About 200 or so New York City area high school students traveled to the Japan Society near the United Nations to hear descendants of Japan’s most famous modern era leaders and Koichi Prefecture high school students speak to them about leadership and inspiration.
Noboru Sakamoto, 9th generation descendant of Sakamoto Ryoma, Minako Koyama, Minako Koyama, 5th generation descendant of Katsu Kaishu, joined John Manjiro scholar Junji Kitada and three (female) Koichi Prefecture high school students in two hours of discussion.
The visitors to America gave their views on how Japan’s mighty leaders could have approached the issues facing society today.
I was struck by the simplicity and beauty of getting Japanese and American students – and seniors! in one place to share views and hear from the progeny of Japan’s Abraham Lincolns and Martin Luther Kings. This should happen more!
US Ambassador to Japan John V. Roos tweets often about the lack of Japanese students choosing to study in America. I would argue that the traditional academic model of student exchange needs to take into consideration the more direct and innovative approach of getting young students and the elderly from both countries together face to face more. Our aging and challenged societies will do better if we join young and old in an exchange of global learning and sharing.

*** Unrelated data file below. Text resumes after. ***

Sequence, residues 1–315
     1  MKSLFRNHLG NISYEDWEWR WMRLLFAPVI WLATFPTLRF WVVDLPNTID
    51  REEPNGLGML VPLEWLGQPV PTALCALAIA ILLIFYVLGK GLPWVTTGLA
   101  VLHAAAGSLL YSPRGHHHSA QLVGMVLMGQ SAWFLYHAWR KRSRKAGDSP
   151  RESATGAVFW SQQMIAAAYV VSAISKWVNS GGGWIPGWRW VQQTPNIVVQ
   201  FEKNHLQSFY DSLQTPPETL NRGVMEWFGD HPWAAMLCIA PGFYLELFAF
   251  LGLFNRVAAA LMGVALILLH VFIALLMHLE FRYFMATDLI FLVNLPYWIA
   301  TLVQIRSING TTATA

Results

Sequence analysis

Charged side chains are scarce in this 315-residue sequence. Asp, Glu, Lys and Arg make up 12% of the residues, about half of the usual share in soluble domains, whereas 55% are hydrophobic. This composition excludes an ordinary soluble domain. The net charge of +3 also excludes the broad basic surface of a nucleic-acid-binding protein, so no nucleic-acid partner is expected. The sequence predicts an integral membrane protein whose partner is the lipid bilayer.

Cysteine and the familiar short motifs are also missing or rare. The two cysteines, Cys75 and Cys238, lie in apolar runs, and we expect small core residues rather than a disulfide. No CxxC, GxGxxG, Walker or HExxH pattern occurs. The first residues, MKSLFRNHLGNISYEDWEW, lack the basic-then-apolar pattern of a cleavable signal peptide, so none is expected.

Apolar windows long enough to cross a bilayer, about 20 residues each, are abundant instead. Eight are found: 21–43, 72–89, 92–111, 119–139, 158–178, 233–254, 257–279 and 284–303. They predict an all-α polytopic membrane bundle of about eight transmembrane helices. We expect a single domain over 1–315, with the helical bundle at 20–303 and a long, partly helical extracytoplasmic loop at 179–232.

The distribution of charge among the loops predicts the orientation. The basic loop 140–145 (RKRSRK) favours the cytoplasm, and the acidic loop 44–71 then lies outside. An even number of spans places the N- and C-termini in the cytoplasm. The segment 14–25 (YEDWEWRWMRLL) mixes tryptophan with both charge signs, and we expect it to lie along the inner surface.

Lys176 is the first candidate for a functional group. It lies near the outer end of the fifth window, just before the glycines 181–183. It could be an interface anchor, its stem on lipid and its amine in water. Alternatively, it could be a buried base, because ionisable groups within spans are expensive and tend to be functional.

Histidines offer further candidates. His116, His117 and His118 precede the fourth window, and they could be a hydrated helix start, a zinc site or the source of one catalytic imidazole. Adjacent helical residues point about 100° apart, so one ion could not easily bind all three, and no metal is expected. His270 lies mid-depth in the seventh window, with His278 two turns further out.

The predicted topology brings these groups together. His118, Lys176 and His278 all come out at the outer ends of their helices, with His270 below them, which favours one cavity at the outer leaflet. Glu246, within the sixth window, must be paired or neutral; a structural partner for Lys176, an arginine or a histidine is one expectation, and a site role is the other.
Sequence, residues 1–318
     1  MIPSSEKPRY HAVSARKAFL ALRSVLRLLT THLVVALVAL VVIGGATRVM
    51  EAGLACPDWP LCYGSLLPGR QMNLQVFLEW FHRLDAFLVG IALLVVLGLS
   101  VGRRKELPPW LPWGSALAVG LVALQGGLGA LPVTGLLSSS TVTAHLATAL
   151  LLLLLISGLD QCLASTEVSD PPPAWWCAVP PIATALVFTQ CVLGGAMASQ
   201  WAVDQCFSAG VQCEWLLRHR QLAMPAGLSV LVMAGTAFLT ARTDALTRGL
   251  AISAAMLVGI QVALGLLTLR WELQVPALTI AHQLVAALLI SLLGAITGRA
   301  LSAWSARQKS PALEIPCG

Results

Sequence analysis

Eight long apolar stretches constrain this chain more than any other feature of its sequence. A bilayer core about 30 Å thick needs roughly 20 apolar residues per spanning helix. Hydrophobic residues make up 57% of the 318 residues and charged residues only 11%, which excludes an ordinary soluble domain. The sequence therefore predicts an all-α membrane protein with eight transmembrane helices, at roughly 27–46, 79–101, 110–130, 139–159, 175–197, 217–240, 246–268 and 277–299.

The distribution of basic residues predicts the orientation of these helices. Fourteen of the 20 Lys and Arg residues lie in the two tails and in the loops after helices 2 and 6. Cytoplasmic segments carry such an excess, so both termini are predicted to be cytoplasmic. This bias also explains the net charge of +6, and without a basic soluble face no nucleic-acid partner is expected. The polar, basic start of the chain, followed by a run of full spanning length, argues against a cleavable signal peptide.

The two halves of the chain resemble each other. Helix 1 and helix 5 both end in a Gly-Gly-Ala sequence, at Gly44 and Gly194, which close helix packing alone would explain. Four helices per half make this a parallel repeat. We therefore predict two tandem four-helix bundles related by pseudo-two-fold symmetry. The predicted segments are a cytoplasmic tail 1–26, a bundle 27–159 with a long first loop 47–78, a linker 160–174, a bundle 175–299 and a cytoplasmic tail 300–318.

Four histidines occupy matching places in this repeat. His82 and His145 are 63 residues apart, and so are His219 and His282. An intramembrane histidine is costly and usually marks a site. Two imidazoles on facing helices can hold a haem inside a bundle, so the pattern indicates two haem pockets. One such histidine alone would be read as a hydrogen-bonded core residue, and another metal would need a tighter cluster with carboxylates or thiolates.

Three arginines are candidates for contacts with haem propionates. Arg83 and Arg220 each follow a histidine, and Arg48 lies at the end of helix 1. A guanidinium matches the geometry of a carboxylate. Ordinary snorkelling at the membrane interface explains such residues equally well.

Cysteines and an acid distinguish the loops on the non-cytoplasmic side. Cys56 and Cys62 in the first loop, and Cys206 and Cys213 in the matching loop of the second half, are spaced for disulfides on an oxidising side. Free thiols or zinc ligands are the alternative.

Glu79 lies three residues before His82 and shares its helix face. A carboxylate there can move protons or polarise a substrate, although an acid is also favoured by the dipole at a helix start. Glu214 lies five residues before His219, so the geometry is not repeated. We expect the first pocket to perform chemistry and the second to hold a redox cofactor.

The event was picked up in a small mention in the Asahi newspaper (Japanese) but the significance of the mention is disproportionate to the potential inspiration left with the students and seniors who braved the stage and shared their views.
It is never too late for Japan to reinvent itself – it just has to plant a few seeds and have a couple of majestic trees along to provide the shade.
Noboru Sakamoto, 9th generation descendant of Sakamoto Ryoma explaining the nuance of “Igosso” to US High School students